Thursday, July 20, 2006

Venezuela’s future: restrictions on the press

Today I am starting a new series of posts, published as needed. I have come to realize that the government is clearly announcing the color of things to come. Considering that the opposition will be unable to discuss issues and will remain trapped in an endless squabbling on “how many electors should be in district X before we can run a campaign”, chavismo has realized, about time, that it can promise the most outrageous measures and then, after December 4 start to execute them saying that it was all announced during the campaign, it is what the people want. Since the opposition will not have fought such proposals, even if the December 3 result is far, really far from the promised 10 millions “por el buche”, international opinion will be allowed to keep a good conscience in allowing the liberty restrictions in Venezuela with the excuse “well, they knew it was coming, they did not protest, did they?”. The general title will thus be: Venezuela's future: constitutional proposals to come

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Constitutional proposal to come: restrictions on the freedom of the press.

One of the main problems of chavismo is that it has not found a way to effectively muzzle the written press. On the air waves the infamous “RESORTE” law, a.k.a. “gag law” has been effective in shutting down for all practical purpose Venevision and Televen, plus a large numbers of radio stations around the country. Globovision and RCTV are still showing extensive criticism of the government inanities and iniquities, but chavismo now is definitively in control directly or indirectly of a majority of the air waves. In front of the 4 pro Chavez TV broadcast stations, the only and very partisan nation wide radio coverage allowed, uncounted and unaccountable “neighborhood” stations, plus two neutered TV stations accompanied by a majority of neutered provincial TV and Radio stations, what a few dozen independent radio stations and 2 broadcasters can do?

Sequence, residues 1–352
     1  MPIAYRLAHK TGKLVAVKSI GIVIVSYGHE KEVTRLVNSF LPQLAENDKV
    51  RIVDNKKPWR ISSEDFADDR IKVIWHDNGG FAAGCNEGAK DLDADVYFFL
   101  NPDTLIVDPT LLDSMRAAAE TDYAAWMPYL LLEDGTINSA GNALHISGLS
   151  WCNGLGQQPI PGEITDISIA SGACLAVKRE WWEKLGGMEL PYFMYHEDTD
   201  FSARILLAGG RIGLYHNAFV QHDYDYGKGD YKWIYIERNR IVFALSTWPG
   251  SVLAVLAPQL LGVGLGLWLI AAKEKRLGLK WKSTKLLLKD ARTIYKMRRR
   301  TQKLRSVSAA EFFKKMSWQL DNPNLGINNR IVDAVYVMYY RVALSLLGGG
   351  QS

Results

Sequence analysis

Unfortunately the echo effect hoped for on the written press did not take place. Most papers retain an opposition attitude, from the mild to the drastic but opposition nevertheless. Of course in chavismo mind, even mild opposition is too much, but that is another story. The fact of the matter is that chavismo has been unable to create a mass circulation paper to promote its agenda that people are willing to pay for. The closest it has come to has been to co-opt Panorama and Ultimas Noticias who are “chavista light” and, at least in the case of Ultimas Noticias, smart enough to let significant criticism surface on occasion to retain a large readership.

But of course, in the new man projected for the XXI glorious century of the people, petty papers like EL Universal or EL Nacional cannot be allowed to remain unchecked. Something has to be done. After all many countries have been living for decades without free press and nothing has happened to them (Cuba, Iran, most Middle East countries, China, Burma, most of Africa). In fact, most of the multipolar world of Chavez’ dreams has NO FREE PRESS. Free press seems rather a privilege outside of Europe and the Americas.